The remains of 215 Indigenous children were found in a mass grave on a school site in Canada. The school was once part of an effort to separate Indigenous children from the rest of the population, with some of them as young as just 3 years old.
A report released by The Tk'emlúps te Secwépemc First Nation, the home community of the Kamloops Indian Residential School, states that “this past weekend, with the help of a ground penetrating radar specialist, the stark truth of the preliminary findings came to light – the confirmation of the remains of 215 children who were students of the Kamloops Indian Residential School.” Sadly, this abuse against Indigenous people has continued for centuries, especially regarding schooling.
Residential schooling was mandatory for Indigenous youth in Canada for more than 150 years. Indigenous families were coerced into sending their children to boarding schools where the conditions were inhumane, segregated from the youth of the rest of the population. According to NPR, “children were often not allowed to speak their own language and received harsh punishment if they did. Many suffered physical and sexual abuse, with staff not being held accountable.” A study by the National Center for Truth and Reconciliation (NCTR) reveals that more than 150,000 students attended these residential boarding schools and more than 6,000 died, with many parents reporting that their children didn’t return. The report also states that what occured at these schools was a cultural genocide: a cruel tactic to get purge the Indigenous children of their cultural practices. There have been countless attempts to eliminate cultures, take land, and exploit people, and residential schools are unfortunately no different.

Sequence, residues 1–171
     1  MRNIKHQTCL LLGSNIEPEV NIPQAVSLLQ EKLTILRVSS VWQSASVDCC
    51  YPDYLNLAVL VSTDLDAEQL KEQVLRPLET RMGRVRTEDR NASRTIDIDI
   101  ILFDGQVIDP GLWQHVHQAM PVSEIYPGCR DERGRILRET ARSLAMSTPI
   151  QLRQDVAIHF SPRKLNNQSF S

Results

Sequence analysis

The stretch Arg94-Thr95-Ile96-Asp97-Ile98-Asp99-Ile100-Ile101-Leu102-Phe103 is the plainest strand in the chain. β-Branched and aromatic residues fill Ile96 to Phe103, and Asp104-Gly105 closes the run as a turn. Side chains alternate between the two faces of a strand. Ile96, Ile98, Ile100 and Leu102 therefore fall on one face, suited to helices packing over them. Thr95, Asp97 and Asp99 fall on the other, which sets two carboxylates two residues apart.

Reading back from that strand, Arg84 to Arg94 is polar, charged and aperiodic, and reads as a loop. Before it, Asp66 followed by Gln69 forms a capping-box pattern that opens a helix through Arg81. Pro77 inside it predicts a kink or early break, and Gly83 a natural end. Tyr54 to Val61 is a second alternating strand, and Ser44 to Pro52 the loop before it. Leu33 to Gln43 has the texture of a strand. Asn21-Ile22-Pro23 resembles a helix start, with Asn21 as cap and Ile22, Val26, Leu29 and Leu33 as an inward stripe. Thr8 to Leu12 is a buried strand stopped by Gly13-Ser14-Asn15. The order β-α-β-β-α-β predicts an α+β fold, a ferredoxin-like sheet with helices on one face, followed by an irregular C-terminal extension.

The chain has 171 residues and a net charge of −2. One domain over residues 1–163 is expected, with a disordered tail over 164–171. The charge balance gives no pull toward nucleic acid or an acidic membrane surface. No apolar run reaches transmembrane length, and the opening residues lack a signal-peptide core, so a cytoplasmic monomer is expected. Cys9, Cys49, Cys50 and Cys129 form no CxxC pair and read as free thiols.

The attempts to get rid of cultural practices don’t just end there. The National Inquiry into Missing and Murdered Girls showed that as many as “4,000 Indigenious women are believed to have been killed or gone missing over the last 30 years.” The same report also concludes that “decades of policy and state indifference amounted to genocide against Indigenous peoples.”
Canada has been accused of genocide in the past, but because there hasn’t always been an exact definition for it, there hasn’t been proper accountability. While there have been hearings about the missing women and Prime Minister Justin Trudeau acknowledges these findings, he hasn’t directly stated that all of these actions contributed to genocide. This deeply troubles the people speaking out pushing for the hearings - cultural genocide is far from over.
The reports and inquiries that have been sent to the government regarding this have provided some potential steps towards change. The Guardian lists some of these recommendations to the Canadian government that were stated in the report down below:
- Develop a national action plan to tackle violence against Indigenous women and girls and ensure equitable access to public services
- Establish a National Indigenous and Human Rights Ombudsperson
- For governments to recognize and protect Indigenous language rights and give them official language status
- For all levels of government to ensure support for programmes and services for Indigenous women and girls in the sex industry
One of the easiest things to do for people all around the world would be to hold the country accountable and research the horrible things that have occurred and continue to occur. Even though the residential school system is technically “over” now, the attack on Indigenous people is very much perpetuated today and the long-lasting effects of the previous attacks still contribute to systemic discrimination against them today.